Achaemenid

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A·chae·me·nid

 (ə-kē′mə-nĭd, -kĕm′ə-) also A·chae·me·ni·an (ăk′ə-mē′nē-ən)
adj.
Of or relating to the dynasty that ruled the Persian Empire.
n.
A member or subject of this dynasty.

[After Achaemenes, legendary ancestor of Cyrus II, founder of the dynasty.]
American Heritage® Dictionary of the English Language, Fifth Edition. Copyright © 2016 by Houghton Mifflin Harcourt Publishing Company. Published by Houghton Mifflin Harcourt Publishing Company. All rights reserved.

Achaemenid

(əˈkiːmənɪd; əˈkɛm-)
n, pl Achaemenids, Achaemenidae (ˌækɪˈmɛnɪˌdiː) or Achaemenides (ˌækɪˈmɛnɪˌdiːz)
(Historical Terms) any member of a Persian dynasty of kings, including Cyrus the Great, that ruled from about 550 to 331 bc, when Darius III was overthrown by Alexander the Great
[from Greek, after Akhaimenēs, name of the founder]
Collins English Dictionary – Complete and Unabridged, 12th Edition 2014 © HarperCollins Publishers 1991, 1994, 1998, 2000, 2003, 2006, 2007, 2009, 2011, 2014
Translations
References in periodicals archive ?
The Persian Royal Road in the 5th century BC stretched over 2,400 kilometers which spanned the entire territory under the Achaemenid empire.
The section on Ancient Mesopotamia and the Ancient Near East discusses minority groups in the Persian Achaemenid Empire and Jews in Sasanian Babylon.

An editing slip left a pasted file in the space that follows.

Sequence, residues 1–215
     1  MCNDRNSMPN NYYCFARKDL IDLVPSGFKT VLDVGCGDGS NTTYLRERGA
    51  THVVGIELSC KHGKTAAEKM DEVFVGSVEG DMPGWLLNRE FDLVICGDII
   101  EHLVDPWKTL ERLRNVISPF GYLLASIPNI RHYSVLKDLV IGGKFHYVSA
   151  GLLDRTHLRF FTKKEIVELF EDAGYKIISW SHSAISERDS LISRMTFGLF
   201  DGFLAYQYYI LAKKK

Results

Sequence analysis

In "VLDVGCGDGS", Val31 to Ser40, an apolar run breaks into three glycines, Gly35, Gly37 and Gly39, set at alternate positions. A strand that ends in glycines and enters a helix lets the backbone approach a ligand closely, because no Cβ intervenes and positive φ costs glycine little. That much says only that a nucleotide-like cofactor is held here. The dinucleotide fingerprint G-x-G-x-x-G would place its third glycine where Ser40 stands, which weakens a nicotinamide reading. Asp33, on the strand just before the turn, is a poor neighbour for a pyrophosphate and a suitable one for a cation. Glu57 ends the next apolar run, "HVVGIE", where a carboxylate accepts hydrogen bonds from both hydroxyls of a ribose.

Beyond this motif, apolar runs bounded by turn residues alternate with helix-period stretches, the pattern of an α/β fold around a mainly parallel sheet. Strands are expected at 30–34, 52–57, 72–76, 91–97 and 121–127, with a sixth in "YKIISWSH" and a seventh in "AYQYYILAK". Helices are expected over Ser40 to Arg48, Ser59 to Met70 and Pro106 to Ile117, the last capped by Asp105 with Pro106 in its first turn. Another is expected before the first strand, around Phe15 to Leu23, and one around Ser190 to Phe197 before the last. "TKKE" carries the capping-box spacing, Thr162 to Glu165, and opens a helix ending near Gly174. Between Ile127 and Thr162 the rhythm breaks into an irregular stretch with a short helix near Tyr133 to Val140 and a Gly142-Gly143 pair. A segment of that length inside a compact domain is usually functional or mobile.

GOOGLING A RUNNER Battle Of Issus 8.50 Nottingham This took place in 333 BC in southern Anatolia, Turkey between the Hellenic league led by Alexander the Great and the Achaemenid empire led by Darius III.
He noted that excavations and research showed there were settlements in the area 300 years before the Achaemenid Empire, also known as the First Persian Empire, which began in 550 BCE.
Persia had a rich history dating back to 550 BC, when the Achaemenid Empire was founded by Cyrus the Great.
Those wishing to learn more about Xerxes in particular, and the Achaemenid Empire more generally, will find much useful and interesting material, and Stoneman presents it in a clear and organized manner.
The Jewish population predominantly moved to Persia during the Achaemenid Empire, when Cyrus the Great invaded Babylon.
It covers the Neo-Babylonian and the Achaemenid Empire, treating them as a single unit.
Other major attractions of Iran include Isfahan - Iran's second city known as 'Half the World' due to its elusive beauty, with ancient mosques, palaces, and minarets including the UNESCO-protected Naghsh-e Jahan Square; Persepolis, the ancient capital of the Achaemenid Empire, Yazd, well-known for its wind-catchers (ventilators) and its Zoroastrian culture; Shiraz, with its several fine palaces and lush gardens as well as the famed Shiraz grape; Mashhad, located in the east of Iran and home to the shrine of Imam Reza, the largest mosque in the world, and the tomb of Persian poet Ferdowsi.'
An inscription on the tablet states the contract was written in the 19th year of King Darius I reign, who ascended to the throne of the Persian Achaemenid Empire in 522BC.
Pierre Briant returns to the theme of roads proper: he examines the evidence for the royal road system of the Achaemenid Empire in 'From the Indus to the Mediterranean.
Cyrus the Great, the founder of the old Persian Achaemenid Empire, is famous for respecting the customs and religions of the lands he conquered.